Noses are funny things. In cats, we love to look at them, take photos of them, and most of all, boop them!
Cat noses, however, can be easy areas to see changes that might indicate your cat is sick, or might get sick in the near future. And no, we are not talking about if it’s wet or dry. They should generally be dry, but some cats tend to have a wet nose (especially breeds like Persians).
Overall, the skin and hair of cats can be an easy indicator as to how your cat is doing. Sudden changes in haircoat—such as suddenly becoming dry and flaky—can be reasons enough to get your cat in to see a vet. Lumps and bumps are no different, and are especially easy to spot on the bridge of the nose, since this area tends to have slightly less hair than other parts of their body (especially in medium and long-haired cats. This is also because there isn’t a lot of skin or fat here to obscure even the smallest of bumps.
This can be a good thing, because spotting an issue sooner rather than later generally makes it easier to address—especially when it comes to cats. And not all bumps are necessarily urgent. Read on to learn more!
Anatomy of the Cat Nose
Cats have two nostrils that are hairless, which make up the majority of the nose “pad”, and a philtrum, which connects the nose pad to the lip. Above the pad, lies the bridge of the nose, which runs from the nose pad to just below the eyes. It is made of soft tissue, including skin and fat that sits atop the bone of the skull.
What Changes On the Nose Bridge Should Be Concerning?
A bump itself can be concerning. But other items to look out for include:
These are all items that indicate there could be more going on than just a simple bump.
What Normal Changes Could Cause a Bump in This Area?
Don’t forget that normal things can occur here, too. You might simply notice something that you haven’t before in this area.
The hair of the haircoat often changes direction here, so can stand up a bit more and give the appearance of a bump. Or a cat may have scratched their nose and caused some fur to stand up and look more prominent.
What are Common Causes of Bumps in This Area?
Cats are often up to all sorts of mischief! Bumps can be simple, and caused by literally just bumping into something, which may lead to tissue swelling that can generally resolve on its own without further care.
Cats are also prone to bug bites in this area, as they may stick their noses into all sorts of interesting places. Some cats are more reactive to certain bug bites—especially mosquitos, which can show up as bumps on the nose (and often on the ears, as well).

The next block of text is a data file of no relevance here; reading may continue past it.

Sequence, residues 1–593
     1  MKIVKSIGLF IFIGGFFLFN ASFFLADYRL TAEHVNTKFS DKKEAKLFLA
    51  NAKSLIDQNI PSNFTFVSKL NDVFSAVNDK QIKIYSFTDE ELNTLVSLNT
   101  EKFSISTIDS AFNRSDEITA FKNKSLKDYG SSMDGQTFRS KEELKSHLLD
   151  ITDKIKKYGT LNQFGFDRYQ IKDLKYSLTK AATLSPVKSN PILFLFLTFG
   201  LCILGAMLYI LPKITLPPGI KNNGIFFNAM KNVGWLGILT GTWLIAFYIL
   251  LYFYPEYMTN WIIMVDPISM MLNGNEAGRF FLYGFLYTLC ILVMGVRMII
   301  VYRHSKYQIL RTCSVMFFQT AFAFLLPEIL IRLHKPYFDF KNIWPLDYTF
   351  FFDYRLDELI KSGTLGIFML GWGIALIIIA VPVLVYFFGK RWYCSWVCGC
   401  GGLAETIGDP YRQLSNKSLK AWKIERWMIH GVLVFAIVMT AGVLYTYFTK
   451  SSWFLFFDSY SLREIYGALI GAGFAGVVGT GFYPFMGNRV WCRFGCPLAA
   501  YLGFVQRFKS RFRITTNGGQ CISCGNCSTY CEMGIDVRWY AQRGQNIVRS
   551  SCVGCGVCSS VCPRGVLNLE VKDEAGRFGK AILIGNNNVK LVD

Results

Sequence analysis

Infections in the mouth, in particular with teeth on the upper jaw, can also lead to something called a facial abscess—which may look like a bump in the area of the nose.
In older cats, bumps can also mean different types of skin cancers. Squamous cell carcinomas, mast cell tumors, as well as nasal lymphoma, are some that are more commonly seen in this area.
What to Do if You Find a Bump on the Bridge of Your Cat’s Nose
First, get a photo of your cat, provided that they seem to otherwise be feeling ok. Next, contact your vet and let them know what your concerns are. Show them the photo, as this can help your vet decide if your cat needs to be seen, and how urgently.
If your normal vet is not open, a local emergency vet can often offer you guidance as well.
When Should You Be Concerned?
If you find a bump and, after discussing it with your vet, decide to monitor it at home, here are a few things that can help determine if and when you should check back for a reassessment:
Sometimes treatment involves simple monitoring at home, and the bump will resolve on its own. This is the best case scenario. Expect most bumps to resolve in a day or two, if they are going to.
Get a photo when you first notice the bump (and show it to your vet!), and every subsequent day that it remains. This will help you to decide if it is getting bigger, smaller, or not changing. It can be even more helpful to hold up an object (like a coin, eraser, or ruler), to give some perspective on the size of the bump, if you’re worried that it is getting larger.
If your vet thinks an infection is present, they might prescribe an antibiotic to help eliminate the infection and swelling. This can often take a number of days before the swelling improves.
If there was an allergic reaction to a bug bite, your vet might send you home with an anti-inflammatory medication to help reduce the swelling. These can help to reduce the size of the bump very quickly, sometimes within hours,.
Or, if there was trauma involved, and your cat is making it worse by scratching the area, your vet might consider the use of an Elizabethan Collars (or e-collars).
With these tips, you should now know how concerned you need to be about a bump on the bridge of your cat’s nose, as well as how to get them the help they need.
Remember, your instinct is important in situations like this. So if something doesn’t seem right, or if your cat isn’t recovering as quickly as you’d expect, don’t ever hesitate to reach out to your vet and ask the question!
Featured Image: Ijat Seeing, Shutterstock